SPONSORED — This summer, the 10th annual Gay Games took place in Paris. Over 10,000 athletes from 70 countries competed in the event and thousands more of other paricipants swarmed the city. With 10 days of events, Paris (already the city of love) proved itself as a capital of LGBTQ culture. Sporting events, cultural activities, parties and festivals took place across the city during the games, with thousands of spectators and volunteers participating.
I had the chance to visit on a trip with Atout France and Visit Paris Region, and participate in some of the Gay Games events (and parties!). A weekend of love, diversity, croissants, and athletes—Paris never seemed so gay!
Promoting Equality Through Sport
The Gay Games is a worldwide sporting and cultural event which actively promotes acceptance of sexual and gender diversity. With tens of thousands of LGBTQ+ athletes participating in the quadrennial event, it’s one of the world’s largest sporting events.
The first games were held in 1982 in San Francisco, and its American roots have always meant the Gay Games have had large American delegations (including a vast amount from San Francisco specifically), but still over 70 countries participated in the 10th annual games.
The 2018 Paris Gay Games (official website) were only the 3rd time they took place in Europe (having previously been in Amsterdam and Cologne). The 11th annual Gay Games will take place in 2022 in Hong Kong.
Highlights from the Paris Gay Games 2018
The 10 days of events and activities in Paris during the 2018 Gay Games were a celebration of love and diversity. Over 15,000 athletes, spectators, volunteers, and other participants brought a message of love and equality to the city of light.
International Rainbow Memorial Run
Since 1990, every Gay Games has included a memorial run to start off the week+ of events. The friendly and social morning event pays tribute to the memories of artist Keith Haring, lesbian activist Rikki Streicher, Dr. Tom Waddell, the founder of the Gay Games, and to all family members whom the Gay Games have lost, especially due to AIDS and breast cancer.
It’s often one of the largest events of the Gay Games and this year, the International Rainbow Memorial Run started in front of the Paris City Hall at Hôtel de Ville and went along the River Seine.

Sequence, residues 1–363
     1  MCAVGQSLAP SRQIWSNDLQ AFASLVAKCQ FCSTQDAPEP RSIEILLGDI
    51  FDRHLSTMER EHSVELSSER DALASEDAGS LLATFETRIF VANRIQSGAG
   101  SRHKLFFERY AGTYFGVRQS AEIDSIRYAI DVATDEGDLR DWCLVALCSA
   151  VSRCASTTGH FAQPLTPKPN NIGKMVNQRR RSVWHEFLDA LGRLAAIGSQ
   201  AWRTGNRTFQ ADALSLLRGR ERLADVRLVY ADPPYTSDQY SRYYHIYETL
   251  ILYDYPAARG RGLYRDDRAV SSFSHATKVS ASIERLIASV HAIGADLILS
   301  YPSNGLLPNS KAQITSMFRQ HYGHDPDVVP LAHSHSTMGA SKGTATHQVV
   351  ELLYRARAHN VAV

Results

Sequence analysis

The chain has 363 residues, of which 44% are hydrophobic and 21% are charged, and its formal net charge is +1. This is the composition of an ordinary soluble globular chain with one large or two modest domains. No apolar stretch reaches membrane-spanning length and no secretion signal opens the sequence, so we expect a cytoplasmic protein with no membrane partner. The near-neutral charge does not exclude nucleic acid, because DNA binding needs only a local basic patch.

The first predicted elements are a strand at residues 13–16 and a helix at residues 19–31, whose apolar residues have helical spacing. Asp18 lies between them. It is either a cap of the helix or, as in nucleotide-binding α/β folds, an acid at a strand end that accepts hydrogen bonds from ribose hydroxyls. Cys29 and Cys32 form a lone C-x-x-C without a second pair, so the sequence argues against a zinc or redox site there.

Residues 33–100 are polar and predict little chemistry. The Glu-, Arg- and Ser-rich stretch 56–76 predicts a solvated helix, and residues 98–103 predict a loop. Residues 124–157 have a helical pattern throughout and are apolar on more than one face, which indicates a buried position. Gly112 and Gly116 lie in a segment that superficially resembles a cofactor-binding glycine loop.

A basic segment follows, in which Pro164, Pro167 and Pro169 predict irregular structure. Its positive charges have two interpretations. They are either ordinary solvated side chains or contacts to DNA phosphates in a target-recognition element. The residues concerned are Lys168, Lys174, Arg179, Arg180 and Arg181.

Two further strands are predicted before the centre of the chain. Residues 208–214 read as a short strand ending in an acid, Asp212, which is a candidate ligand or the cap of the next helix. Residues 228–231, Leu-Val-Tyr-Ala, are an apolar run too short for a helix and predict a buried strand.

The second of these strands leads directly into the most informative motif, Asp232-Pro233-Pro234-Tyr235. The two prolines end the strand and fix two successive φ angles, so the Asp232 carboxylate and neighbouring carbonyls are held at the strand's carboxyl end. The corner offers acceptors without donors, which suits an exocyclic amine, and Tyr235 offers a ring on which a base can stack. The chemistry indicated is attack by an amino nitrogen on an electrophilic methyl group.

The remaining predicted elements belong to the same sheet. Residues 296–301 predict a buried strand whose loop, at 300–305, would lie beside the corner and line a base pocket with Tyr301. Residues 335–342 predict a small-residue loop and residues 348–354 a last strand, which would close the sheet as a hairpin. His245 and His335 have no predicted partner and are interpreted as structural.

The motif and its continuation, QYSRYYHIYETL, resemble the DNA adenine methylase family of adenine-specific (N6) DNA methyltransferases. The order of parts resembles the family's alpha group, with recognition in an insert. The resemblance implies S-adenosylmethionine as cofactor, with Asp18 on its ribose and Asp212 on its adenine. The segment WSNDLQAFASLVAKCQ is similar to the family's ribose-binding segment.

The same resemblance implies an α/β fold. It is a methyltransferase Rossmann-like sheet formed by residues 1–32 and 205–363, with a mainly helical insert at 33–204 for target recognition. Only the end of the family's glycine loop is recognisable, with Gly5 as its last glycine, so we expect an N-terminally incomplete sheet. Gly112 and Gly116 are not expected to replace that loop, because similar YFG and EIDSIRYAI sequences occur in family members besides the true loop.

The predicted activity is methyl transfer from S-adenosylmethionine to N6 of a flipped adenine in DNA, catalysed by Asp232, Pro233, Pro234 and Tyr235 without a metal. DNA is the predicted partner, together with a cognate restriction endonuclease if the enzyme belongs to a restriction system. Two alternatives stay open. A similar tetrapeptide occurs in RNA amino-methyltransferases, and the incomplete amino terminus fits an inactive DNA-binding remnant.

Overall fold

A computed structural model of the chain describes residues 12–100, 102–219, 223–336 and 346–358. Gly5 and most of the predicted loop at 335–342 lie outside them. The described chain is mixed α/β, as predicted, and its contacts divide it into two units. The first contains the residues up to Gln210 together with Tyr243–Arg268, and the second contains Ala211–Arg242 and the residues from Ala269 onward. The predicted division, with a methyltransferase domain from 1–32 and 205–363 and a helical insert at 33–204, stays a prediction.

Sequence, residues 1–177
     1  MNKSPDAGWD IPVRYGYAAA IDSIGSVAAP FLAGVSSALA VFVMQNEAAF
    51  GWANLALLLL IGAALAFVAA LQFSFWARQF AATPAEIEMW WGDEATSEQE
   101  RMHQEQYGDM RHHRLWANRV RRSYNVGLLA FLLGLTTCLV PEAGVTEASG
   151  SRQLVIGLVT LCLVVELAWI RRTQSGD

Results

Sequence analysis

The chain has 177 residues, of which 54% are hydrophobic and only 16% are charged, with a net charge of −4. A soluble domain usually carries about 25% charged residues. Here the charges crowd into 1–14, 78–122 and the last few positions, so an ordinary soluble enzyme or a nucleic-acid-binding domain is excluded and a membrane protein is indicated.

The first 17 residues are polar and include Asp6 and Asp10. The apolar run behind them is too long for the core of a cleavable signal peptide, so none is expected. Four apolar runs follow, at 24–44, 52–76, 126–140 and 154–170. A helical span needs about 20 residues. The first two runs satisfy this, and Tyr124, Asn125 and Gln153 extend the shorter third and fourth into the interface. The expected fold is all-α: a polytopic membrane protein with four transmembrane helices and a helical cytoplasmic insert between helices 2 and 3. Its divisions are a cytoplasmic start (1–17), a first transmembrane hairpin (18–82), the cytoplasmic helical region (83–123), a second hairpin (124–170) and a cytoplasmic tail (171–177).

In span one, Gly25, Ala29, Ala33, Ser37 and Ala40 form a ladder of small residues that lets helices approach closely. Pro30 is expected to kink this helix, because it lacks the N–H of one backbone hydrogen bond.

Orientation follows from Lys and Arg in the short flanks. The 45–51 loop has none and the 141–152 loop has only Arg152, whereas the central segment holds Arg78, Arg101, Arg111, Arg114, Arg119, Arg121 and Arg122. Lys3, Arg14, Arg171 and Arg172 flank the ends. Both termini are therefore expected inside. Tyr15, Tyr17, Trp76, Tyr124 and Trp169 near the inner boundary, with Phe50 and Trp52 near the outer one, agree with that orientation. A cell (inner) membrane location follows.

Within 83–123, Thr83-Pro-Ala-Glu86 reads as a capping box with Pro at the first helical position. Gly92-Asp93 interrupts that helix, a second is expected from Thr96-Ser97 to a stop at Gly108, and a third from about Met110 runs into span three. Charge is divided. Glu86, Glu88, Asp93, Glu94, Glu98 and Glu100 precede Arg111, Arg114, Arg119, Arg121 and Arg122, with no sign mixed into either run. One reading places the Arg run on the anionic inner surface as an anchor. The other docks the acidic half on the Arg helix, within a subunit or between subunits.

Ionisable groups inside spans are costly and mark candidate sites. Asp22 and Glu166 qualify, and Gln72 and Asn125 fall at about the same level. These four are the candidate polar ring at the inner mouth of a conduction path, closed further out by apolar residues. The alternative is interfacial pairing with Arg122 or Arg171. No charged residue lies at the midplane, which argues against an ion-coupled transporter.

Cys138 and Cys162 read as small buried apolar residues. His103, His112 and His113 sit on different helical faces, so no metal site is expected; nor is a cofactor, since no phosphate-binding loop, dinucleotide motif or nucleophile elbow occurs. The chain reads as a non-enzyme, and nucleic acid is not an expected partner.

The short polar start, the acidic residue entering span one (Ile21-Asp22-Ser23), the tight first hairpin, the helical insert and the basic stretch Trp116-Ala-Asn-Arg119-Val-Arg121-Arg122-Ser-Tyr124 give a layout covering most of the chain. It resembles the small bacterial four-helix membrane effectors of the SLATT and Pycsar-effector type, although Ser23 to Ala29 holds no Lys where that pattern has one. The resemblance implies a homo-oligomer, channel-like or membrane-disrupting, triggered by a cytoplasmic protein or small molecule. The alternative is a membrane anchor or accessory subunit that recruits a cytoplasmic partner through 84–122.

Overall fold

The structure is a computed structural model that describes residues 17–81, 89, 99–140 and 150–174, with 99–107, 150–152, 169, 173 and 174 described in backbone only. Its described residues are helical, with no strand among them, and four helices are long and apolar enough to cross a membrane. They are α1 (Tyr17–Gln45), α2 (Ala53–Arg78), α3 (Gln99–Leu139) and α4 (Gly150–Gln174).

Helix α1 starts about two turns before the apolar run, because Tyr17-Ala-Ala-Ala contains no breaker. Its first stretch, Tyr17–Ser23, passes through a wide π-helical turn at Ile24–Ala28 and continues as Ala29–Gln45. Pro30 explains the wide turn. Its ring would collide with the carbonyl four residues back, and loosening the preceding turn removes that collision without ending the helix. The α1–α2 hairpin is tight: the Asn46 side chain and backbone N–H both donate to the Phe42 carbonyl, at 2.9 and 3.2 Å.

The event started with speeches from the Paris Mayor Anne Hidalgo—a longtime supporter of LGBTQ rights in Paris—and other local politicians and international visitors. A memorial quilt was displayed on the Hôtel de Ville plaza with guests invited to add names of lost loved ones. It was a moving event and an important way to remember the past while celebrating the future—the perfect way to start the Gay Games.
The biggest event of the Gay Games is the opening ceremony, which took place at the Jean Bouin Stadium, an impressive venue that filled up with 15,000 athletes and spectators. The march of nations into the stadium was a fun way to experience the diversity of the event.
With people visiting Paris for the Gay Games from over 70 countries, it was an ebullient event—crowds in the audience cheering and photographing whenever their country or city delegations entered the stadium. By the end of the march of nations, during which presenters interviewed select athletes, the stadium was buzzing with energy and the sun was setting.
Live music, comedy, and performances filled the night.
Following the Opening Ceremony, a gala took place at the beautiful Grand Palais, one of the most prestigious Parisian monuments. While it was a paid ticketed event, the Grand Palais didn’t take long to fill up with the international crowds visiting Paris during the Gay Games.
DJs played all night and with food and drinks available, it was a fun way to let loose before the games officially got started the next morning. While the Gay Games are about sport, it’s also an important event for celebrating LGBTQ culture, and the opening gala was a fun party opportunity to meet other participants.
Hanging out at the Marais
The central Parisian neighborhood, the Marais, is the city’s unofficial gay neighborhood and it’s where many of the after-hour parties and celebrations took place following award ceremonies and sporting events during the Gay Games.
For the weeks leading up to the games, and of course during the games, the Marais was a bustling meeting spot for everyone in the LGBTQ community. The LGBTQ community center showcased a queer photo exhibition and offered support and free travel guides for locals and visitors alike, and the bars and clubs hosted daily events and specials.
While the Marais is always super gay and super fun, during the Gay Games (with an extra 15,000 people in town!), it was especially hopping! Rainbow crosswalks, chalk drawings, and pride flags filled the streets.
The Gay Games Village at Hôtel de Ville
A sign of the city’s true dedication to its LGBTQ population, for the entirety of the Paris Gay Games, the city hall plaza at Hôtel de Ville hosted the Gay Games Village. Community support groups, activist organizations, and others opened stalls daily to serve as a meeting point for the athletes and other attendees. An outdoor bar and café provided sustenance when needed and regular speeches took place on the main stage.
And, of course, the sporting events…
From cheerleading to water rugby, there were hundreds of sporting events. Attendance in the events was pretty straightforward. The Gay Games spreads a message that self-improvement is more important than your nationality or your performance, and that was reflected in the all-ages events.
The Gay Games message for support and diversity within the community was equally welcoming and inspiring. To see athletes of all ages participating and joining with one another for a wide variety of sporting events—it was one of the most comforting feelings to know that to be LGBTQ is to be part of a wider community of love and acceptance.